And Hippolytus's sire, and Hippolytus himself may read—
And what pitiable Dido, holding now the blade unsheathed,
Might say, and that woman of Lesbos, beloved of the Aonian lyre, as well.
(trans. shug2304)

All right, I'll have a go at making this look more like properly formatted poetry. The elegiac couplets do introduce some complications. By using HTML nonbreaking spaces instead of the wiki indentation markup, I've been able to achieve the following (based on your Ex. 3). The chief reason I'd recommend this over the dashed boxes is that the latter will often be cut off by the right side of the screen (as on my display). Wareh 02:57, 21 August 2007 (UTC)

quod licet, aut artes teneri profitemur Amoris
   (ei mihi, praeceptis urgeor ipse meis)
aut quod Penelopes uerbis reddatur Ulixi
   scribimus et lacrimas, Phylli relicta, tuas,
quod Paris et Macareus et quod male gratus Iason
   Hippolytique parens Hippolytusque legant,
quodque tenens strictum Dido miserabilis ensem
   dicat et †Aoniae Lesbis amata lyrae.†
                  (Am. 2.18.19-26)

I do what I may—either profess the arts of tender love
   (Alas! I'm beset by my own teachings!)
Or write what's rendered in the words of Penelope to her Ulysses,
   And your tearful tale too, forsaken Phyllis—
That which Paris and Macareus, and that also which oh-so-ungrateful Jason,
   And Hippolytus's sire, and Hippolytus himself may read—
And what pitiable Dido, holding now the blade unsheathed,
   Might say, and that woman of Lesbos, beloved of the Aonian lyre, as well.
                  (trans. shug2304)

Out of curiosity, Wareh, are the dashed-off boxes giving you the same trouble when they're inside of the wikitable, as in my example 4, above? Or does being contained within the table makes the dashed-off boxes more compatible? I do like your version, which would certainly be acceptable, but for later editing purposes I'd be curious to hear what effect the double-box format has on your screen. Same problem as before? Cheers! Shug2304 13:27, 21 August 2007 (UTC)
In the article, some of the text actually crosses the dashed lines in addition to going beyond the edge of the screen (e.g. V, "Letter made by any Mycenaean hand!"). In the table (Ex. 4 above), everything fits within the dashed lines perfectly, but the whole is so wide (because of the different font formatting in Courier vel sim.) that I have to scroll to the right to see the part that doesn't fit on my display. All this is still true on a 19" display if I logout so that none of my personal settings are a factor. Wareh 15:45, 21 August 2007 (UTC)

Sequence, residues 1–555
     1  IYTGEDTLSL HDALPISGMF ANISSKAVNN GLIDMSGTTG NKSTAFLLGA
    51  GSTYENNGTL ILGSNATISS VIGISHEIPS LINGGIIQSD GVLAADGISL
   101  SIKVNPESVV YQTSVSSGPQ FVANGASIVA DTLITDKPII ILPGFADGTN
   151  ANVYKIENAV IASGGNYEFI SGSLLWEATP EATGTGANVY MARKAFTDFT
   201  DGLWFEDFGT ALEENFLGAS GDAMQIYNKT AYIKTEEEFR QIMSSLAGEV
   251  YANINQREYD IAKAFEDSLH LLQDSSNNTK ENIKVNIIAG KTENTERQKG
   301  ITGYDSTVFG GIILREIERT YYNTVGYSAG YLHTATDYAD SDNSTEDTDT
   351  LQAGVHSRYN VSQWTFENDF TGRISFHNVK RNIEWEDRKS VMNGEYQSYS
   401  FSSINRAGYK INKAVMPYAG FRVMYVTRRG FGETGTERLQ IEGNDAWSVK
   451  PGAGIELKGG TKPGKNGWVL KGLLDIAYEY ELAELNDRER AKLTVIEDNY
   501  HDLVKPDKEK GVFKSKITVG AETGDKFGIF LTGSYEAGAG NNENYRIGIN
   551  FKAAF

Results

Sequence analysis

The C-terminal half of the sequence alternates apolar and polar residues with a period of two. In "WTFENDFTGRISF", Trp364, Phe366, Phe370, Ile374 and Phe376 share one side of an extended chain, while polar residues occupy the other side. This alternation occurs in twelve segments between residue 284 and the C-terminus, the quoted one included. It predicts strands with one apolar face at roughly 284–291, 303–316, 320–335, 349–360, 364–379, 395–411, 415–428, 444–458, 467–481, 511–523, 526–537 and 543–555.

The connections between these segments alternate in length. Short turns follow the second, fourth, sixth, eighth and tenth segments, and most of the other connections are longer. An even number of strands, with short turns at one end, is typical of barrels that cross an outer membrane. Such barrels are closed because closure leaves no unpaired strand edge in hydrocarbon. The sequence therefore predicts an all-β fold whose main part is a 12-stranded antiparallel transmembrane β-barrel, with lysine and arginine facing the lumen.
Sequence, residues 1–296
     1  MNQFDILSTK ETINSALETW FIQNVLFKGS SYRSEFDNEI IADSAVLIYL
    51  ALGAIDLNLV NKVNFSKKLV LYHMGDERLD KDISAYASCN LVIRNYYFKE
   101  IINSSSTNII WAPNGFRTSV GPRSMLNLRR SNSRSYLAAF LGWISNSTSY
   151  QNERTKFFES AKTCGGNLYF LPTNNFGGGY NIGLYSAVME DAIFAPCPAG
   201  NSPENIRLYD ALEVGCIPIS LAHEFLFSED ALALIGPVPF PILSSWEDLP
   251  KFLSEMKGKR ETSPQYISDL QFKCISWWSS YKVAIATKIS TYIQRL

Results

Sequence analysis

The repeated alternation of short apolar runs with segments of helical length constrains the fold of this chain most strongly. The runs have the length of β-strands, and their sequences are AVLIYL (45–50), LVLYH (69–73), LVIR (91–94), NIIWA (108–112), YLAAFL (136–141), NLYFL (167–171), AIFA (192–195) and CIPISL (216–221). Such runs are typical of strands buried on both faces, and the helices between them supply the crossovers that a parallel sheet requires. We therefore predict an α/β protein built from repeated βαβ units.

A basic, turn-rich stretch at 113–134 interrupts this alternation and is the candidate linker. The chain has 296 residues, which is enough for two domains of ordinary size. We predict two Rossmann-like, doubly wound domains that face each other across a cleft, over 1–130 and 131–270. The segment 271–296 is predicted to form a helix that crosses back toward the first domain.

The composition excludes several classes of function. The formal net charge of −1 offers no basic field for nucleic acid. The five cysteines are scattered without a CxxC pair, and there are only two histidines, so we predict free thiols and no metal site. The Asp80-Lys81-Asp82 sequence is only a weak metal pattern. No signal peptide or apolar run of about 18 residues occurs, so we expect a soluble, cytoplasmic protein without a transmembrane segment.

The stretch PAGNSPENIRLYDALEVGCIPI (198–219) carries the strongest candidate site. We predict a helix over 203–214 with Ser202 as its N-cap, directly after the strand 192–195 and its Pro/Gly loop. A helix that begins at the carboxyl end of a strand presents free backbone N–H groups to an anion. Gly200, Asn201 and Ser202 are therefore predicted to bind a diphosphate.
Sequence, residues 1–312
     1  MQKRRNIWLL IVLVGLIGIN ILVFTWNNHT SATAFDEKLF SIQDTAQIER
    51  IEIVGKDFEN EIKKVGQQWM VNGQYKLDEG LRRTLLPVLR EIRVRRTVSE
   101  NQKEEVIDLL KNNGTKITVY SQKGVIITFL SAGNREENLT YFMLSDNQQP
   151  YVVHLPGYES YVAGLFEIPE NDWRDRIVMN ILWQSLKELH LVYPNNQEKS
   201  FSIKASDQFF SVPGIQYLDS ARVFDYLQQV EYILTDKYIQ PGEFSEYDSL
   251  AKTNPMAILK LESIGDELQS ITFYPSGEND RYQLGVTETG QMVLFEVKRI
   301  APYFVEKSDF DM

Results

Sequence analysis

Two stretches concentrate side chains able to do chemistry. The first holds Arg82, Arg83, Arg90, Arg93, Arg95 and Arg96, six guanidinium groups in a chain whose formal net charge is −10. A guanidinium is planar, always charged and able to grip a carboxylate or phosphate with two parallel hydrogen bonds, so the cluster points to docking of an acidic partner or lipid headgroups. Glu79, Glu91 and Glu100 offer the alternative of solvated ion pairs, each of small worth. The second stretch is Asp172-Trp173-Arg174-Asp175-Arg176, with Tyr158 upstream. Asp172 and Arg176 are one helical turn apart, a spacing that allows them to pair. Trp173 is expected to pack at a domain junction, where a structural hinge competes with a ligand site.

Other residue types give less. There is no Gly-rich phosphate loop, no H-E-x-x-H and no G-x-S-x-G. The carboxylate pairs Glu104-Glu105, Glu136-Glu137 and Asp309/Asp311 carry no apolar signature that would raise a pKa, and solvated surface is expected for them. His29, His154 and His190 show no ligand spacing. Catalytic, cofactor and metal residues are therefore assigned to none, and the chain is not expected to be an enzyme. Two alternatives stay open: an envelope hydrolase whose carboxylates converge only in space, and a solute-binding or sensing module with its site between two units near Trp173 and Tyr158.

layout[edit]

This article is well-referenced and provides a good description of the topic, but the layout of the text is somewhat confusing and takes away from the general readability of the articleMrathel (talk) 15:36, 15 December 2008 (UTC)

Section on individual epistulae[edit]

I agree with the comment above that the article has been written and researched with far more care and sophistication than most Wikipedia articles on individual works of classical literature — but also that the layout (which in its complexity far surpasses my own ability to format articles) is "busy" to a distracting degree. Cynwolfe (talk) 15:14, 29 June 2009 (UTC)

Oops. I've deleted portions of my comment above upon learning that my own error led me to think there was something wrong with the subheads. Cynwolfe (talk) 15:25, 29 June 2009 (UTC)
Well, meanwhile I was bold and drastically simplified the formatting, to no loss that I can fathom (except that now any working links you made to individual epistles will not work; but the correct premise of your comment as a whole is that the content here does not justify so many linkable subsections). By the way, I should point out that, despite my attempt to help with formatting above, the only "primary caretaker" of the article was Shug2304, who however has not made any Wikipedia contributions since September 2007. So it was certainly time to format the content as it exists here, rather than in anticipation of the thorough treatment of each of the Heroides. Wareh (talk) 15:42, 29 June 2009 (UTC)


Corroboration from Amores, etc.[edit]

There's something seriously weird here: "As an example following these lines, for some time scholars debated over whether this passage from the Amores—corroborating, as it does, only the existence of Her. 1–2, 4–7, 10–11, and very possibly of 12, 13,[9] and 15—could be cited fairly as evidence for the inauthenticity of at least the letters of Briseis (3), Hermione (8), Deianira (9), and Hypermnestra (14), if not also those of Medea (12), Laodamia (13), and Sappho (15)." ... since the passage clearly mentions Medea (who else could the reference to Jason's ingratitude possibly be referring to). And the bit with Sappho is exceptionally unclear; I *think* it is trying to say that the reference to Sappho may not have been present in the original text, but instead it comes off sounding like it's arguing that "Aoniae Lesbis amata lyrae" might not refer to Sappho, which is... bizarre. Vultur (talk) 10:41, 23 February 2010 (UTC)